Gatsby tries to believe in the image he has created - of himself first, then of others. He has become wealthy through dubious means (bootlegging whiskey and gambling) but manages to keep up a clean "preppy" look just the same. He maintains his status by throwing lavish parties but does not seem to really care to much (on a personal level, that is) about the 'friends' he invites. He remains detached from the essential - developing true relationships with "real" people. He is a loner in the crowd:
Only Gatsby, who was relatively unselfish in his life, and whose primary flaw was a naive idealism, could be construed as fulfilling the author's vision of the American Dream. Throughout the novel are many references to his tendency to dream, but in fact, his world rests insecurely on a fairy's wing. On the flip side of the American Dream, then, is a naivete and a susceptibility to evil and poor-intentioned people.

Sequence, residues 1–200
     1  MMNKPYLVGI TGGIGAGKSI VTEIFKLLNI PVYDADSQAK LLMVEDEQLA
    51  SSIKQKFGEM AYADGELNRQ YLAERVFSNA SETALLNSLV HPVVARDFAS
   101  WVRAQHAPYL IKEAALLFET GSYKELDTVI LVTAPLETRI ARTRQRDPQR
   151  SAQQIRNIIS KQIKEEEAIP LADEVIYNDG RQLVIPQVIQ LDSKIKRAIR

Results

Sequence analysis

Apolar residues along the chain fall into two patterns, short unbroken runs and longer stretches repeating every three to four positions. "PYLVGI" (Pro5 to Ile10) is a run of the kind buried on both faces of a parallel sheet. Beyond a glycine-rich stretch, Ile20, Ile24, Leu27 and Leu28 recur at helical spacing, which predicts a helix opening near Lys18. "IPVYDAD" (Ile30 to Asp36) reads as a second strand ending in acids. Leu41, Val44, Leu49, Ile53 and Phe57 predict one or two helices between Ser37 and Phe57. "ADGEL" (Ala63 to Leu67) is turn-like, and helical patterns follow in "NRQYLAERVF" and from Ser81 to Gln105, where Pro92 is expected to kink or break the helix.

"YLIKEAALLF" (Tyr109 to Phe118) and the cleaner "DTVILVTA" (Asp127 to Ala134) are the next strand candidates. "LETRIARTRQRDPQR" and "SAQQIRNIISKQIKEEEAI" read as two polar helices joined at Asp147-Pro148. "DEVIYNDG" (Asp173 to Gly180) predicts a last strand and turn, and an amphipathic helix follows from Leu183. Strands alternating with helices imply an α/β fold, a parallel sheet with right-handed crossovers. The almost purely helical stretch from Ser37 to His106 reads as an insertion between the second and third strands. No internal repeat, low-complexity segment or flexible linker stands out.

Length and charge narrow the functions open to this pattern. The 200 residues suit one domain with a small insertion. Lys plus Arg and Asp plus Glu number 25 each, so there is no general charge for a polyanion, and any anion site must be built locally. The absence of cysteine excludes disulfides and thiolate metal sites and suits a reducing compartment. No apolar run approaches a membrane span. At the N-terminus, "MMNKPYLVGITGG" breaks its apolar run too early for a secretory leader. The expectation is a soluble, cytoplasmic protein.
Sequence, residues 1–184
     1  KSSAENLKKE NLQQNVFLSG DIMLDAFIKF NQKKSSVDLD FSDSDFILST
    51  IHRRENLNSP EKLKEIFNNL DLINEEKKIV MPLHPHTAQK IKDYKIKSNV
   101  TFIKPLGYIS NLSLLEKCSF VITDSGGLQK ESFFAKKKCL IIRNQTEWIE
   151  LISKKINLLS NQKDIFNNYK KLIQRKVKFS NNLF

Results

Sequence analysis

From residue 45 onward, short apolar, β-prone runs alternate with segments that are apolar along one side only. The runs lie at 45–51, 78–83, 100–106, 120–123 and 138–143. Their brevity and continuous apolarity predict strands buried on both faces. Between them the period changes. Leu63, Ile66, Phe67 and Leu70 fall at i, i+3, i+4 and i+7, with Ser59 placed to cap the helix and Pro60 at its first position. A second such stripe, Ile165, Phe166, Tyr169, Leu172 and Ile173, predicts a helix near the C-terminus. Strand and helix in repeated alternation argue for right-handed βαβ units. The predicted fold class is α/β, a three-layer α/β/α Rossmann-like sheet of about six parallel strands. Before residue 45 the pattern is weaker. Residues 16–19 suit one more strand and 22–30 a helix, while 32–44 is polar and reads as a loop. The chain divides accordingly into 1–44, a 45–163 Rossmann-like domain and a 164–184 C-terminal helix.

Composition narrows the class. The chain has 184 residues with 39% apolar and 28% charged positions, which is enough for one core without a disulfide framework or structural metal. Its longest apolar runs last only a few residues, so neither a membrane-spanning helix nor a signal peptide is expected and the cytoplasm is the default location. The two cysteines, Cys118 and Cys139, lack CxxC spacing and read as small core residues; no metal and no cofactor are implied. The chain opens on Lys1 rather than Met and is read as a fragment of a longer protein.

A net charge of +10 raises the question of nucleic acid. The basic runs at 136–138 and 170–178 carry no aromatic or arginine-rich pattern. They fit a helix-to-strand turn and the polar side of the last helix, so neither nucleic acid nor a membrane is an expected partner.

- from http://www.enotes.com/great-gatsby/themes
Gatsby's fascination with Daisy is also on a superficial level. He accepts rather nonchalently her fickle nature as if it were an inherent part of her femininity. He thinks he can somehow buy her out through his money, at least for a while, and does not even lament the fact that they both reciprocally use each other. His willingness to "take the rap" for manslaughter to cover for Daisy reveals a certain naïve belief that he can beat the system one more time by just playing the role of 'the nice guy.' In the back of his mind, he might have even entertained the idea that this act would make Daisy indebted to him. Such lack of transparence unfortunately ends up costing him his life. He is murdered by revenge for a "crime" he did not commit.